The Trademarks Registry had so far maintained a confined approach towards Trademarks. Trademarks under Section 2(zb) Trademarks Act, 1999 are confined to “marks capable of being represented graphically”. Article 15 of TRIPS however, defines Trademarks from a wider perspective; “any sign, or any combination of signs..”
Sound marks can be registered in India, if they are capable of being represented graphically i.e, in the form of musical notes, satisfying the requirement of graphical representation under the Act. Sound marks are recognised in numerous jurisdictions across the world, including the European Union, United States and Australia. Incidentally Allianz’s sound mark was the first to be registered in Chile after Chile modified its Trademark Law
Other forms of non-conventional trademarks include smell trademarks, taste trademarks and moving image trademarks. The first olfactory mark was registered in the United States in 1990 when plumeria scent which was added to sewing thread and embroidery yarn was registered as a trademark. The mark was described in the application as “a high impact, fresh, floral fragrance reminiscent of Plumeria blossoms.” The mark was initially refused registration on the grounds that:
(1)The mark does not function as a trademark because it does not identify or distinguish applicant’s goods from those of others.
(2)Fragrance mark is analogous to other forms of product ornamentation in that it is not the type of matter which consumers would tend to perceive as an indication of origin.
(3)Alleged mark was de jure functional.
On appeal by the applicant Celia Clarke, doing business as Clarke’s OSEWEZ, this was reversed and the olfactory trademark was granted as the Clarke was the only person who marketed yarns and threads with fragrance and fragrance was not an inherent attribute or natural characteristic of applicant’s goods but a feature applied by Clarke’s.
The first olfactory trademark in the European Union was the registration as an olfactory mark of “the smell of fresh cut grass” for goods, namely tennis balls in 1999. The application was initially rejected by the examiner. On appeal the Board said that, the smell of freshly cut grass was a distinct smell which everyone immediately recognised from experience. The Board said that this was sufficient to comply with the requirement of graphical representation under Article 4 of the Community Trademark Regulation. The odour of beer for dart flights and the scent of roses for tyres were one of the first olfactory marks to be registered in the U.K. However an application by Chanel to register the fragrance of ‘Chanel No 5’ as an olfactory trade mark failed in 1994 as the smell of the perfume which was sought to be registered resulted from the nature of the good itself.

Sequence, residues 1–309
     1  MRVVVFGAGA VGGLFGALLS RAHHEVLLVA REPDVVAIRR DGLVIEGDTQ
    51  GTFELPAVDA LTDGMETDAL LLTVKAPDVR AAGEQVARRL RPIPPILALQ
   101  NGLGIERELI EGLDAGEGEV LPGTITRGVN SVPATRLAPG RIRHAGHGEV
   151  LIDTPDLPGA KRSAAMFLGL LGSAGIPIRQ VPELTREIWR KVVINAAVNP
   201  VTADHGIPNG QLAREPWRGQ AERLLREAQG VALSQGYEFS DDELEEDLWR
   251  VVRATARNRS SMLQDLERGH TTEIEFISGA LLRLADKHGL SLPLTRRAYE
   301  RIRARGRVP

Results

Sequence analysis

In 2004 Eli Lilly applied for a Community Trademark on “the taste of artificial strawberry flavour” as a taste mark or gustatory trademark for pharmaceutical preparations. The application was refused by the Examiner and subsequently by the Board of Appeal. The Board said that an exclusive right to Eli Lilly on the mark applied for would unduly interfere with the freedom of their competitors. Moreover, the Board said that such a taste could not distinguish the pharmaceutical preparations of one company from the other. The consumers would most likely assume that the flavour was added to mask the unpleasant taste of the product. Am attempt by N.V Organon towards patenting orange flavour for pharmaceuticals was rejected by the US Patent Office.
It however remains to be seen if the Indian Trademarks Registry will move towards the grant of more non-traditional trademarks like olfactory and gustatory marks in line with precedents in UK, US and the EU. With technology progressing at the speed of lightning, it remains to be seen as to how jurisprudence in the area of trademarks will progress.
Spicyip thanks Mr. Santosh Singh of Fox Mandal Little for bringing this news to our notice.